This is another holiday dish that I will definitely be putting into the year-round rotation.
I first had this dip at a Christmas party 8 years ago, and I searched for the recipe for 5 years before someone pointed out to me that it had been right under my nose – namely in Heart & Soul – the whole time.
While this does take a little while to prep and cook, it is totally worth your time. And not just because it is delicious, but also because each step of the cooking process leaves the house smelling better than the last. Butter, creole seasoning, fresh herbs and seafood? I’m on board.
Two words of caution: Make sure to thaw and rinse your seafood well to get rid of any unnecessary fishiness, and make sure you use 2 teaspoons of creole seasoning and not 2 tablespoons at each of the saute steps. Not that anyone has ever ruined 2 pounds of perfectly good seafood by doing that, but I’d like to prevent it if at all possible…
1 lb crawfish tails
1 lb shrimp, raw and roughly chopped
1.5 sticks of butter (.75 cups)
6 tsp creole seasoning
1 cup onion, finely chopped
1 cup green bell pepper, finely chopped
1 cup celery, finely chopped
1/2 cup red bell pepper, finely chopped
2 cloves garlic, minced
6 tbsp fresh basil (3 dried)
3 tbsp fresh thyme (1.5 dried)
3 tbsp tomato paste
1/4 cup flour
1 bunch green onions, finely chopped
- Melt half a stick of butter in a large skillet. Add 2 tsp creole seasoning. Add crawfish and saute for 5 minutes. Pour crawfish and butter into a bowl and set aside.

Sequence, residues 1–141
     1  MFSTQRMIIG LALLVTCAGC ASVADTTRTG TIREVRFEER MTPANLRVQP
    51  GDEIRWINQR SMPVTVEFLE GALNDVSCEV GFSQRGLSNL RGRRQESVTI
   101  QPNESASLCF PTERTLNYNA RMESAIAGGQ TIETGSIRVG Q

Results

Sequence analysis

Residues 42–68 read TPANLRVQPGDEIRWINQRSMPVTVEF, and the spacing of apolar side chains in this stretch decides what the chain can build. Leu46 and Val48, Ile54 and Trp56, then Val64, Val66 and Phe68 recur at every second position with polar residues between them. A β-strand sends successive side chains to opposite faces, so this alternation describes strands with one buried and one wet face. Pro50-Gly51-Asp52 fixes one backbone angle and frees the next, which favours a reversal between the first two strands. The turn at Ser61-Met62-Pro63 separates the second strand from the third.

- Melt half a stick of butter in a the skillet, add 2 tsp creole seasoning, and saute shrimp in butter for 3 minutes. Add shrimp to bowl with crawfish.
- Melt the rest of the butter in the skillet with 2 tsp creole seasoning. Add onion, green and red peppers, celery, and garlic and saute for 5 minutes or until veggies are tender.
- Add fresh herbs, tomato paste and flour to veggie mixture in the skillet and stir constantly for 5 minutes.
- Process half of crawfish/shrimp mixture in blender (do not puree).
- Add crawfish/shrimp mixture (both processed and not-processed halves) to skillet and mix thoroughly.
- Stir in green onions and add hot sauce to taste.
- Serve with Thin Garlic Crostinis and get out of the way.
So I probably should have posted these recipes last week before Thanksgiving, but I forgot and I wanted to test them out twice to get all kinks out of the way. I was lucky to have two Thanksgivings this year, a “friendsgiving” down in NOLA (which was way better then my family Thanksgiving) and family Thanksgiving. I still never want to eat again. Below is an amazing crawfish stuffing that Chef John’s family has requested a double batch of for next year. Perhaps you can save in your Thanksgiving recipe file for next year or break it out for the December holidays! Chef’s note: make sure to use dry corn bread so it soaks up all the sauce. – ts